From education to employment

Building the Skills of the Automotive Sector

Steve Nash, Chief Executive, IMI

Professional body for the automotive sector, Institute of the Motor Industry (IMI), has published a new strategy document.

Launching tonight (6 Mar) at the IMI Annual Dinner in London, ‘Campaigns for Change’ outlines the key areas where the Institute feels it can best assist individuals and businesses in addressing the multitude of challenges facing the sector in a period of unprecedented change.

‘Campaigns for Change’ is based on broad industry feedback from IMI members and from employers generally about the keychallenges they face which they believe the Institute can help with.

Broken down into four chapters, the document looks at where the IMI can help with:

  1. Attracting & Retaining Talent
  2. Ensuring the Industry has Effective and Forward Thinking Management
  3. Working with Government to Ensure the Continued Success of the Sector
  4. Helping Raise Standards and Public Confidence in the Automotive Sector

Our industry is well served and supported by many highly effective Trade and Industry Bodies and it is not our job to duplicate their efforts. Our role as the industry’s Professional Body is distinct and ‘Campaigns for Change’ aims to help clarify where we can bring our specific expertise to bear in supporting individuals and businesses.

Attracting & retaining talent is a challenge for all employers in all sectors. For us to compete effectively we must demonstrate that we offer long-term, professional careers which can be supported by a broad range of internationally recognised qualifications and accreditations which more than matches what other sectors can offer

Attracting talent is one thing, but retaining those people is more often than not a function of how they are managed, led and developed. So it is critically important that we have the means to continuously develop our managers and leaders and equip them with the skills to build and develop effective teams. Having done that we need to give appropriate recognition to differentiate those true professionals who are committed to their own ongoing development.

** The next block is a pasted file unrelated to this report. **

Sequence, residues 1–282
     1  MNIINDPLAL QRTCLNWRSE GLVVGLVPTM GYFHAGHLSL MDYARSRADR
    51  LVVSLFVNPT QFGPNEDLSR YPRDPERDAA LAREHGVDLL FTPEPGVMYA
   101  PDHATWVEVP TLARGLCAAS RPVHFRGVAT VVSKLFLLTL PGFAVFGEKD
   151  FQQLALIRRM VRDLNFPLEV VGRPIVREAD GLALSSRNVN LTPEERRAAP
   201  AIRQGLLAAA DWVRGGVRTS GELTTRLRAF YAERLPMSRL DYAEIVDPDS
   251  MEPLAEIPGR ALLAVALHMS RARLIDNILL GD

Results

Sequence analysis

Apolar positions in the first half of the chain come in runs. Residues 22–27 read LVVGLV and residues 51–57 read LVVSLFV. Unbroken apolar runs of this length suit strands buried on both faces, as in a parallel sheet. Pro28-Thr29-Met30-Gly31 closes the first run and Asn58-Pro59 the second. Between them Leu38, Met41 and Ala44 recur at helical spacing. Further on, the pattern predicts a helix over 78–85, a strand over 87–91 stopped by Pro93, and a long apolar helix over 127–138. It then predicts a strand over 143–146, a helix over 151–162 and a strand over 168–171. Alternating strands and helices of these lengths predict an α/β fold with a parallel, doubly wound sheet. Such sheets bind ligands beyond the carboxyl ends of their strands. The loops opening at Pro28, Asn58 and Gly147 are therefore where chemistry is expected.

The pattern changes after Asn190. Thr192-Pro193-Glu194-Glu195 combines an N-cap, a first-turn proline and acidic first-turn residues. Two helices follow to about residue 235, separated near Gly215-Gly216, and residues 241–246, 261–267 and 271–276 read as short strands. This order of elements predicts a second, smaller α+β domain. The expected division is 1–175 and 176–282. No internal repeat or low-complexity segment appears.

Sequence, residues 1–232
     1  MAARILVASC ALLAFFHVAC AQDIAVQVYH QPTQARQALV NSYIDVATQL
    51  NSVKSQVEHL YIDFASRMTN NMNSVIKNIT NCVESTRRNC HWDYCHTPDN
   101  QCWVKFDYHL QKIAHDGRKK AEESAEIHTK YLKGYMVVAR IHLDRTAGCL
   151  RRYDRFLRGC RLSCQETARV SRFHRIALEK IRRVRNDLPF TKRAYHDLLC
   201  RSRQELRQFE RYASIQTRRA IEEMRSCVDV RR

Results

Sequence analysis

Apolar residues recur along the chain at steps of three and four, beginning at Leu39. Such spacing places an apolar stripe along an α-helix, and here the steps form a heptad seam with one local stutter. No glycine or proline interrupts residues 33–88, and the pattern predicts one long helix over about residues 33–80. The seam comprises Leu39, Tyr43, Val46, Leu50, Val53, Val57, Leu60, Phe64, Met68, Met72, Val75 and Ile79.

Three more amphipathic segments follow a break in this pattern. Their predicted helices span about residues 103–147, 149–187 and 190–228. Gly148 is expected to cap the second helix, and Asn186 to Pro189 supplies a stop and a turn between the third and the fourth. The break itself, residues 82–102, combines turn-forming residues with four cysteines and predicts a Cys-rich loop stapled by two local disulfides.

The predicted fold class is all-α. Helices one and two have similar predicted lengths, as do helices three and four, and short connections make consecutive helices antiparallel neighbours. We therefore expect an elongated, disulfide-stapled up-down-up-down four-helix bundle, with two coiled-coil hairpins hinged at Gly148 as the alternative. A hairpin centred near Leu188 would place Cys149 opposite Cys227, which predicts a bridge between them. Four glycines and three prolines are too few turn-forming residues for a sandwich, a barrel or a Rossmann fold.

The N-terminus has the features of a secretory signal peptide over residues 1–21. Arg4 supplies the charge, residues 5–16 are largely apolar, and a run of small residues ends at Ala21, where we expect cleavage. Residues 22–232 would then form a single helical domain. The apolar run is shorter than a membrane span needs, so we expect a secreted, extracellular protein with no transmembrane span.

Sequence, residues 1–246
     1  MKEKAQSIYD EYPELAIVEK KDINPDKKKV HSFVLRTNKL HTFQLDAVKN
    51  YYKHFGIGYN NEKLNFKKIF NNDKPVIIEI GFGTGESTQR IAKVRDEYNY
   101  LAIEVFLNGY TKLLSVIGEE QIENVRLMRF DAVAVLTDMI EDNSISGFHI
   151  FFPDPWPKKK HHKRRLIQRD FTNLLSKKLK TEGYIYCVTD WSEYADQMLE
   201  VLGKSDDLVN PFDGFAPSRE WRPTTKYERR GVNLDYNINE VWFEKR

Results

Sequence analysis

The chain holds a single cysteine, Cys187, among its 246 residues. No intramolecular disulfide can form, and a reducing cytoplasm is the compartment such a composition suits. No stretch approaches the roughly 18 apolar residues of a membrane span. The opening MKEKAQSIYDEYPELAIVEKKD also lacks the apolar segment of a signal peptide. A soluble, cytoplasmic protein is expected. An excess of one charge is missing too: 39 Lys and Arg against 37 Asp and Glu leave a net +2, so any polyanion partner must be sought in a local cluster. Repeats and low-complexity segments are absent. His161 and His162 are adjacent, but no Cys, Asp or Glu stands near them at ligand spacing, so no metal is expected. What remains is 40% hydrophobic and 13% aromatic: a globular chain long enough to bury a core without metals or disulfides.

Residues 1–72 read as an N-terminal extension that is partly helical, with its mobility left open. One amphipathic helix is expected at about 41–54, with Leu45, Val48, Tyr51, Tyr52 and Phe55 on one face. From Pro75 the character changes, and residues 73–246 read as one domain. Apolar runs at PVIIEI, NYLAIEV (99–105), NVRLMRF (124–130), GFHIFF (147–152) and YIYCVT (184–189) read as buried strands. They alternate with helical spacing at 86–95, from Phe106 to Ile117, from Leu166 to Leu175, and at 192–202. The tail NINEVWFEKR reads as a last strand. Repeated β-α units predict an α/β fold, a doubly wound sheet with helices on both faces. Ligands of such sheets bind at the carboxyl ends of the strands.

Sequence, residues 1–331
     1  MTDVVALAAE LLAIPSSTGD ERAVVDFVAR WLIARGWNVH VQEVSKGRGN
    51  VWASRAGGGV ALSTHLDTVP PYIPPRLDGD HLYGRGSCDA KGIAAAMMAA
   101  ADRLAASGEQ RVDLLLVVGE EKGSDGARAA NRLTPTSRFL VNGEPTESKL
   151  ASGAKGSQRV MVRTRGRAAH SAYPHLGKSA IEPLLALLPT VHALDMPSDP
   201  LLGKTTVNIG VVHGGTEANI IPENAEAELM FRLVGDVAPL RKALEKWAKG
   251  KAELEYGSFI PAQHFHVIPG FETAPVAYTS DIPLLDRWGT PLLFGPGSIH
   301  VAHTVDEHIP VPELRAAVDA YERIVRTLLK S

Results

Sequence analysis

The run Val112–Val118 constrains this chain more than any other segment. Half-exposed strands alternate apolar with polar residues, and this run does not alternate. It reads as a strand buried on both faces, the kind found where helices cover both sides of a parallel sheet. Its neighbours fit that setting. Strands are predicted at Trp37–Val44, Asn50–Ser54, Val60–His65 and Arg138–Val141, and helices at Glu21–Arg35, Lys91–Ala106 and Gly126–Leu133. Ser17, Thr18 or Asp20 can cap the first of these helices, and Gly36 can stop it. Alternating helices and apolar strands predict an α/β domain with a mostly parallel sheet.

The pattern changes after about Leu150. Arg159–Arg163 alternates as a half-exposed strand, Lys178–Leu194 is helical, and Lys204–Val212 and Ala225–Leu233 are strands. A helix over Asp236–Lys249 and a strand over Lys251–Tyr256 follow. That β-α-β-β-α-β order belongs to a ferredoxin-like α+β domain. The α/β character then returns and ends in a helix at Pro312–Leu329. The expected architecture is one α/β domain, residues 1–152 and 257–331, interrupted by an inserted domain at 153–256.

Working with government is a key role for a Professional Body. We need to ensure that they understand our problems and challenges and provide us with the support we need to do the best job for our customers and the economy. In particular, we need to influence skills policy and ensure that it is fit for purpose in our sector and supports our need to continuously develop new talent.

Last but certainly not least, we need to play our part in addressing some long standing and outdated stereotypes about the automotive sector. Raising public confidence involves clearly differentiating the professionals in our sector from the unprofessional and working with government to establish new minimum standards of skill and expertise in relation to the new and emerging technologies, as we have been doing with electrified vehicles.

2019 is already proving to be a year of change and challenge, both on a global scale with Brexit and at a more individual business level.  Some businesses are struggling to adapt to the apprenticeship reforms; others are working out how they can integrate new technology into the way their workplaces operate. These factors will require attention from all areas of the industry, and the IMI is determined to drive change whilst providing solutions, supporting individuals and businesses, and supporting the sector with appropriate skills solutions.

Steve Nash, Chief Executive, IMI

About IMI: The professional body for the motor industry, and the authoritative voice of the sector. IMI is transforming the automotive industry by setting, upholding and promoting professional standards – driving skills acquisition, establishing clearer career paths, and boosting public confidence.   IMI’s online Professional Register is here to make sure consumers are in skilled, competent and trustworthy hands.

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